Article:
House OKs paid leave for state employees

DOVER — The House on Tuesday passed a bill that would give state employees 12 weeks of paid leave upon the birth of a child. In a 27-13 vote that fell mostly along party lines, the chamber approved what would be the most generous family leave policy in the United States.

The bill now goes to the Senate.

House Bill 3 would allow employees of state government or school districts to use up to 12 weeks of paid leave if they have a baby or adopt a child no older than 6. Leave would expire if not used after one year and would cover only full-time employees who have been with the state for at least a year.

It would apply to both mothers and fathers.

The bill was introduced in April 2017 but stalled last year due to a budget crunch. It has received more support this year, however, with Gov. John Carney in his January State of the State calling it “the right thing to do.”

But, as was evident Tuesday, some believe 12 weeks of paid leave is just too much. Republicans, all but three of whom voted against the measure, agreed with the concept but found several faults with the bill.

Members of the GOP argued the proposal would unfairly burden school districts with the responsibility of finding and paying more substitutes, could disrupt learning by allowing teachers to miss one-third of the school year and would be unfair to taxpayers, most of whom are not employed by the state.

“We have many people working in the state that would love to have a paid 12 week (leave). They’re the ones that are funding it, and they don’t have that same benefit,” Rep. Ruth Briggs King, R-Georgetown, said.

Rep. Mike Ramone, R-Pike Creek Valley, noted no other state has a policy as extensive as House Bill 3 and said the General Assembly was “way overreaching” and potentially being irresponsible, while Rep. Rich Collins, R-Millsboro, said the proposal would “cause total disruption for many of our children” in schools.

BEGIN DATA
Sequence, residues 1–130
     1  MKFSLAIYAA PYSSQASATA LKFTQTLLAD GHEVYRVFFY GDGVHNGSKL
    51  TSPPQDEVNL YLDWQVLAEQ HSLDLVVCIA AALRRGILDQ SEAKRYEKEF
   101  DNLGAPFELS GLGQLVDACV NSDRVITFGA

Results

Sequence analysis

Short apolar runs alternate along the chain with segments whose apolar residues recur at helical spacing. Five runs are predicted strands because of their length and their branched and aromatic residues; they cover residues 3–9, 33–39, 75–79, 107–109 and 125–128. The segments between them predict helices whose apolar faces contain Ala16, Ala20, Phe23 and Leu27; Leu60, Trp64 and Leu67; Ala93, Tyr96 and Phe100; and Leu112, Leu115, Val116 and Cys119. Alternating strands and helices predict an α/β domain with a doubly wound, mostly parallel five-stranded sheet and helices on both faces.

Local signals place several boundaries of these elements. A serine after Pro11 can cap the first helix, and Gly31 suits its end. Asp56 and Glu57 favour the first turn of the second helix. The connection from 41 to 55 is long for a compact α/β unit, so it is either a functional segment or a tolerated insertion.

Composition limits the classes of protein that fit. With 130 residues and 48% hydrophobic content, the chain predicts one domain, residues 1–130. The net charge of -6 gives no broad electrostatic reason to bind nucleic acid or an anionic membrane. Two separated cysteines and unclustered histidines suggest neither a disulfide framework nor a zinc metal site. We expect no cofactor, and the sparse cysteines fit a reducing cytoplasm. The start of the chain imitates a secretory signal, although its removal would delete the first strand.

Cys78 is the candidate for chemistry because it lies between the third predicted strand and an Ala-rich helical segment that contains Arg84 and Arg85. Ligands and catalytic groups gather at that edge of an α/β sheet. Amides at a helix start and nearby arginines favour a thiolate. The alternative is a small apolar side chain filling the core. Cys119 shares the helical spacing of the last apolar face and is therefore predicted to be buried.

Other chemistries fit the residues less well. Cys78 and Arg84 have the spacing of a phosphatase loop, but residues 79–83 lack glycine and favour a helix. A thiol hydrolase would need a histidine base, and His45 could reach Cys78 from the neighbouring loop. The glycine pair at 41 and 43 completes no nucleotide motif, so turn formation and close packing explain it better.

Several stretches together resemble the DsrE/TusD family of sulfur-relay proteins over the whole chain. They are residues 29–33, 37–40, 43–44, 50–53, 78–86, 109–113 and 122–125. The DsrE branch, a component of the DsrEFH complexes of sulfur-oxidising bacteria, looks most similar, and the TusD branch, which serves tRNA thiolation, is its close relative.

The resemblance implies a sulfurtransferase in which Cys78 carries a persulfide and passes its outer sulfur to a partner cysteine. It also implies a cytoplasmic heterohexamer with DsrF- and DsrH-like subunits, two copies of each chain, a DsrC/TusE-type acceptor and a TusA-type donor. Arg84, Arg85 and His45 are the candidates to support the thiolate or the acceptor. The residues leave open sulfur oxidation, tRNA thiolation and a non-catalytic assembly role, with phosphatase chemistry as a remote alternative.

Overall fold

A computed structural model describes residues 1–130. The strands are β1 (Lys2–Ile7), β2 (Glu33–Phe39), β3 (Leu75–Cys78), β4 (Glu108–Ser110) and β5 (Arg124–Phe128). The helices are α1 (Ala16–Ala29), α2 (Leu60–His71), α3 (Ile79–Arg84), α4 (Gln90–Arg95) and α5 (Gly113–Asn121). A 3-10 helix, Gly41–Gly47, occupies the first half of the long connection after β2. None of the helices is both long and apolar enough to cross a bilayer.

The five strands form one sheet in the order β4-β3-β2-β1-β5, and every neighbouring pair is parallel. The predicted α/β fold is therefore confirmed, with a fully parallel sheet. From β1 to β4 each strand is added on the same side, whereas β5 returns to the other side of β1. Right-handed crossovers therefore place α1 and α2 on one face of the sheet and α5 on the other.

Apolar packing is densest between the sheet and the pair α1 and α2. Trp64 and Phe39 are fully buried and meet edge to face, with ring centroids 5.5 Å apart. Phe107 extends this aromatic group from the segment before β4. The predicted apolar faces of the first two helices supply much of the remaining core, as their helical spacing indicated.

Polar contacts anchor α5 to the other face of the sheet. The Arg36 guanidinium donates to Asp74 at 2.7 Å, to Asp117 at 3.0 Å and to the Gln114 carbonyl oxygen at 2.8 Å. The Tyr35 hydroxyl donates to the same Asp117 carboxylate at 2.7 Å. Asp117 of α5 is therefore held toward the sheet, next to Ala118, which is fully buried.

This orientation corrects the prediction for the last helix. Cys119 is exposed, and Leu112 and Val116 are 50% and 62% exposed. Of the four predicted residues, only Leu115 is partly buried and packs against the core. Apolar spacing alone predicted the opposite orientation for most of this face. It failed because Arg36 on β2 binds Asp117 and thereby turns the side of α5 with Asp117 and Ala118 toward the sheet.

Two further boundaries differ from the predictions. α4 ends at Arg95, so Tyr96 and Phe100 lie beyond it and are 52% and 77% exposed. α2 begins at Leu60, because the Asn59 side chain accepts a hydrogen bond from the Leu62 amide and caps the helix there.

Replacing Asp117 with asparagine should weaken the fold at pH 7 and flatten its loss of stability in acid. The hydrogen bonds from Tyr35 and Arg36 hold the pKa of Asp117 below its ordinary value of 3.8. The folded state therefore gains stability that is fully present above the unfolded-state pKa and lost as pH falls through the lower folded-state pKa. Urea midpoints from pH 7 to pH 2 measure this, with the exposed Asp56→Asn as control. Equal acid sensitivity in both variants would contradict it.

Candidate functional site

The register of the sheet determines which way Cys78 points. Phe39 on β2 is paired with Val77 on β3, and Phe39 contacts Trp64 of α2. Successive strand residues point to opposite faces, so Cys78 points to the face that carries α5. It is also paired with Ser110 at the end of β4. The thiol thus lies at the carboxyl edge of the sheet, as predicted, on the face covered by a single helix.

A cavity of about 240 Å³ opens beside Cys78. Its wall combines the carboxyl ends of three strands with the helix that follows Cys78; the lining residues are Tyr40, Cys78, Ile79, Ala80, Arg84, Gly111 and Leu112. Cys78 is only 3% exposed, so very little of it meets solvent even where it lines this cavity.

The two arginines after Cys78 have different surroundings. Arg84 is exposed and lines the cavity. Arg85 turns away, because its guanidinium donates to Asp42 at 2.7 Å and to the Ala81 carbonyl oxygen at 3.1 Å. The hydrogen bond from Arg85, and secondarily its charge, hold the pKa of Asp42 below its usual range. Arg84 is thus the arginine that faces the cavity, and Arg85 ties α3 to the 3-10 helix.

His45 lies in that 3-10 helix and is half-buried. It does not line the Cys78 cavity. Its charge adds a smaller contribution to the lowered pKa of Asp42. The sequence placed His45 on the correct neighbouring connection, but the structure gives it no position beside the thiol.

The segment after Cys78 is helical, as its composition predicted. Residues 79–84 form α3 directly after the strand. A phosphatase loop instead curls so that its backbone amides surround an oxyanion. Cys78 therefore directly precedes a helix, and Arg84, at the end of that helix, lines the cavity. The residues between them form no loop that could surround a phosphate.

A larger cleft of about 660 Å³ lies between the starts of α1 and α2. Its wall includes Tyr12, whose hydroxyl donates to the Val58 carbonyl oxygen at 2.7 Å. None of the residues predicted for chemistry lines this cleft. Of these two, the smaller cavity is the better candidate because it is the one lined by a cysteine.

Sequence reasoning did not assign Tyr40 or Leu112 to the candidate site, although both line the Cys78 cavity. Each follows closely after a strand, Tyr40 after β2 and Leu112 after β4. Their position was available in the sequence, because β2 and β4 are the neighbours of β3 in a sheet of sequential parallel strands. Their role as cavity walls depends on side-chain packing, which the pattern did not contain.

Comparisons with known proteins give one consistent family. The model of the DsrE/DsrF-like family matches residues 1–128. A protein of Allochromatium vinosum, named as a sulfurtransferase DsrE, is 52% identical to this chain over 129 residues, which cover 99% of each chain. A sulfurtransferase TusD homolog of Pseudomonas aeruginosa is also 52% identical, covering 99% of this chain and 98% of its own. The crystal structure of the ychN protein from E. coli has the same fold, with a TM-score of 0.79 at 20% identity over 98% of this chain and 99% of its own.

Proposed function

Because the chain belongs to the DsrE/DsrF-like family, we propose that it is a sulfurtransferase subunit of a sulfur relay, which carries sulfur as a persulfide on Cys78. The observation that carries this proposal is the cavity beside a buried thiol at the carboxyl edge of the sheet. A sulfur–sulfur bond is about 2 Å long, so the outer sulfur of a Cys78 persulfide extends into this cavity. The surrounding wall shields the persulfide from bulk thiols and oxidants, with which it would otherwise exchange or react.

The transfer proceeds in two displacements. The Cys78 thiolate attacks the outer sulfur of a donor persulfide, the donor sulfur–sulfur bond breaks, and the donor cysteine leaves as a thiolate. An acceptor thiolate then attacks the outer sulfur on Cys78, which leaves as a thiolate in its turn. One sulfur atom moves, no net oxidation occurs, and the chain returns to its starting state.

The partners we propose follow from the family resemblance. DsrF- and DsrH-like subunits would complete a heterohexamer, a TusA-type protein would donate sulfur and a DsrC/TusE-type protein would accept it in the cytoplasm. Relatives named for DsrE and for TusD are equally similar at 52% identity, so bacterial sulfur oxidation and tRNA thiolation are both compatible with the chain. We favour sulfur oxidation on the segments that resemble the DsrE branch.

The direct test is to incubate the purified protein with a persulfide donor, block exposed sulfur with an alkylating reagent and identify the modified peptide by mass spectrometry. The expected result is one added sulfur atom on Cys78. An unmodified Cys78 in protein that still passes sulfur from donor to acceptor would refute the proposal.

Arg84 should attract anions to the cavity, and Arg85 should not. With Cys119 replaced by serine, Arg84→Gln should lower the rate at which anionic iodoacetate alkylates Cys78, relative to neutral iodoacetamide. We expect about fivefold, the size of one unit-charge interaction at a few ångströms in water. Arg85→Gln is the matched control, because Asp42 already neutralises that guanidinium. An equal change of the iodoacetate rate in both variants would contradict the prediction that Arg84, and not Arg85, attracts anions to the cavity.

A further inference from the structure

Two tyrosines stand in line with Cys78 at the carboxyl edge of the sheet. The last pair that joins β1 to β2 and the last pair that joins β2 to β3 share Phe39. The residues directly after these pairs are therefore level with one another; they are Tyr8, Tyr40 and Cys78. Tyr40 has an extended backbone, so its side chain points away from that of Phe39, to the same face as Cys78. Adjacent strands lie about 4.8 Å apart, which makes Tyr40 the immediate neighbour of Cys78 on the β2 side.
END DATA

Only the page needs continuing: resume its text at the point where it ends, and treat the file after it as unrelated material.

While Gov. Carney supports the proposal, Secretary of Education Susan Bunting said the Department of Education is neutral and has heard from districts worried they would be unable to find qualified substitutes and would struggle to cover the increased expenses if the bill passes.

The bill carries an estimated cost of about $3.9 million to the state and $1.3 million split between districts in the first full fiscal year.

Democrats defeated an amendment that would have lowered the available leave to six weeks and rejected an argument from Minority Whip Deborah Hudson, R-Hockessin, that recipients should have to agree to stay with the state for a certain amount of time after getting the benefit.

“I just want to remind this body that those 12 weeks that you are with a child, I don’t think you can put a price on that,” Majority Leader Valerie Longhurst, D-Bear, said.

According to a 2013 study, the United States is one of only eight countries — and the only “high-income” nation — that does not offer paid leave to new mothers. Four states currently have paid leave policies, although those are less expansive than House Bill 3.

The federal Family and Medical Leave Act of 1993 requires employers to allow individuals to take 12 weeks off to care for a family member or new child. However, it does not mandate they be paid, and so many state employees are forced to exhaust their sick and vacation time upon having a child.

Supporters Tuesday noted the lack of required paid maternity and paternity leave, arguing Delaware would be helping right a major wrong by passing the bill.

“The United States of America has the worst record among advanced nations on mandatory maternity leave. That’s a fact,” Rep. Sean Lynn, D-Dover, said.

Many of the arguments made Tuesday, Rep. Lynn said, were similar to ones used to oppose the FMLA 25 years ago and ultimately were not borne out then.

Republican opponents said individuals should save up their sick and vacation time and teachers should try to plan their pregnancies around the summer, and a few questioned what the state would do if several state troopers have children at the same time and take their leave.

Democrats pushed back strongly, noting the measure would not take effect immediately, allowing officials to develop internal policies and plans.

Supporters also said the bill already contains safeguards of sorts by requiring individuals to work with the state for at least a year before taking the leave and could have other benefits.

“We feel strongly that this 12 weeks of parental leave will help the school districts and the state recruit and retain employees,” main sponsor Rep. Debra Heffernan, D-Bellefonte, said.

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